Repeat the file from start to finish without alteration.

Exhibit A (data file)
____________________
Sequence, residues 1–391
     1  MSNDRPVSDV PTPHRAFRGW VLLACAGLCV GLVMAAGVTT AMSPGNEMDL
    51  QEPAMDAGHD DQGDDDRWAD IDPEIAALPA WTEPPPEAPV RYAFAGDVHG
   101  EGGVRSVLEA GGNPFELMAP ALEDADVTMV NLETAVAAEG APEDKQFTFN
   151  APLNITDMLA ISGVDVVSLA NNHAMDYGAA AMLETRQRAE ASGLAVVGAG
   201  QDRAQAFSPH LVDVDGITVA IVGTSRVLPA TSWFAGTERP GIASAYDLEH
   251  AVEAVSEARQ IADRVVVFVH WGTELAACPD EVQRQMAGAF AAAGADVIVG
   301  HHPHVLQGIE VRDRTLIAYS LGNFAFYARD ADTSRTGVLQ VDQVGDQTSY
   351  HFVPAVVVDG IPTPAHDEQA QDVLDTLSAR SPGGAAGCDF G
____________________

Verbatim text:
Sequence, residues 1–391
     1  MSNDRPVSDV PTPHRAFRGW VLLACAGLCV GLVMAAGVTT AMSPGNEMDL
    51  QEPAMDAGHD DQGDDDRWAD IDPEIAALPA WTEPPPEAPV RYAFAGDVHG
   101  EGGVRSVLEA GGNPFELMAP ALEDADVTMV NLETAVAAEG APEDKQFTFN
   151  APLNITDMLA ISGVDVVSLA NNHAMDYGAA AMLETRQRAE ASGLAVVGAG
   201  QDRAQAFSPH LVDVDGITVA IVGTSRVLPA TSWFAGTERP GIASAYDLEH
   251  AVEAVSEARQ IADRVVVFVH WGTELAACPD EVQRQMAGAF AAAGADVIVG
   301  HHPHVLQGIE VRDRTLIAYS LGNFAFYARD ADTSRTGVLQ VDQVGDQTSY
   351  HFVPAVVVDG IPTPAHDEQA QDVLDTLSAR SPGGAAGCDF G